Afghanistan Strives to Register All Newborns
by Soraya Sarhaddi Nelson
NPR – National Public Radio
July 1, 2008
If you ask people in Afghanistan how old they are, you are likely to get a vague response.
Many will tell you they are “around” a given age. Others may give you a range of years. Such vagueness is not due to vanity, nor to any objection to the question. Instead, it is because many people in Afghanistan do not actually know how old they are.
Officials in the Afghan government are trying to change that. Starting this spring, they have been issuing their youngest citizens something most people in Afghanistan have never seen: a birth certificate.
Starting with Kabul
At the moment, Kabul is the only place in Afghanistan where every newborn baby is being registered, including those who are born at home.
The Afghan government, with United Nations help, hopes to do the same for newborns all over the country by the end of 2009. If they succeed, it will be the first time this has happened in Afghan history.
Currently, the government says less than 1 percent of Afghans have a birth certificate.
Najibullah Hameem is a child protection specialist in Kabul with UNICEF, the body funding the birth certificate drive.
“Having identity, proper identity is eveybody’s human right,” Hameem says. “This is something which is lacking in Afghanistan. By registering births, we are solving so many problems.”
The government hopes the program will help ensure all children are vaccinated and receive those shots at the right age. It is also intended to give the government an accurate tally of its youngest citizens, so enough schools can be built.
Some officials hope the certificates might even keep Afghan parents from marrying off their daughters at too early an age. That, in turn, could lower infant and maternal mortality rates.
Still, despite popular support and the fact that birth certificates are required by law, Mir Abdulrahman Maaqool, a senior Interior Ministry official, says it is difficult to make the certificates standard issue in Afghanistan. One particular problem has been reaching newborns in remote areas, where four of every five Afghans live.
“No one opposes it, but there isn’t a whole lot of cooperation, either,” says Maaqool. “We tell local religious leaders and village elders about the benefit the certificates can bring to their communities, but they want to be paid a salary by UNICEF or the government. That we simply can’t afford.”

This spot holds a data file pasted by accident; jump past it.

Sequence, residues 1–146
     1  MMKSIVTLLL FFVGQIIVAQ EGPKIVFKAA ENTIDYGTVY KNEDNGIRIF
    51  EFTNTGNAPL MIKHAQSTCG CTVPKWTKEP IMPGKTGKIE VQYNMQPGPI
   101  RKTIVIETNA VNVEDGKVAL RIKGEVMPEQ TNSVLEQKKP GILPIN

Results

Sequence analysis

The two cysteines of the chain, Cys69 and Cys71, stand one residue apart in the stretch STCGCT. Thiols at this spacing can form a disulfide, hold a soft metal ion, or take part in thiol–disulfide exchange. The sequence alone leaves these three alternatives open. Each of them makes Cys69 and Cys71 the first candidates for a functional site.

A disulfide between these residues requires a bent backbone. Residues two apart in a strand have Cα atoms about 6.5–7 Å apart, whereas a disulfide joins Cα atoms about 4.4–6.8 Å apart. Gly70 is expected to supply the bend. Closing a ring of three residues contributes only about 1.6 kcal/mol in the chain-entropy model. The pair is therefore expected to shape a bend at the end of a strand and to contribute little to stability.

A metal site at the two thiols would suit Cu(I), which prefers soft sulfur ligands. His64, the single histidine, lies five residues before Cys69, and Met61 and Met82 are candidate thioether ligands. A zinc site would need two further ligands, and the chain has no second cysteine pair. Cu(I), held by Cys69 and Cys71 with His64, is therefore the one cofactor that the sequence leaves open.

Nor does the Afghan government have the means to collect or store nationwide data.
“We need to support them in terms of space, in terms of equipment, in terms of transportation, which is a main issue,” says Hameem. “Currently we have provided motorbikes to birth [registrars]. By motorbikes you can access all the communities.”
However, another stumbling block to the rollout of the certificate program is that many areas of the country are engulfed in war and too dangerous to access to offer the certificates. Hameem says this could prevent the Afghan government from meeting its 2009 goal of registering all newborns.
Finding a Name
In a Kabul maternity ward, hospital worker Mahbooba asks a dozen mothers if they have chosen names for their babies. All but one say no. Parents in Afghanistan often take several days to select a name.
The exception on this afternoon is 22-year-old Shamina.
Mahbooba asks the new mother what name she has chosen for her son. “Karam,” she replies, and the hospital worker scribbles it down on the birth certificate.
Even though most parents do not settle on a name before they leave the hospital, Mahbooba prefers to register the babies immediately after birth, as the hospital has no way to ensure that the parents will return to complete the birth certificate.
Mahbooba says she now finds herself suggesting names to the parents. Most of the time, she says, parents go along with her suggestions. She guesses it is because she selects religious names found in the Quran.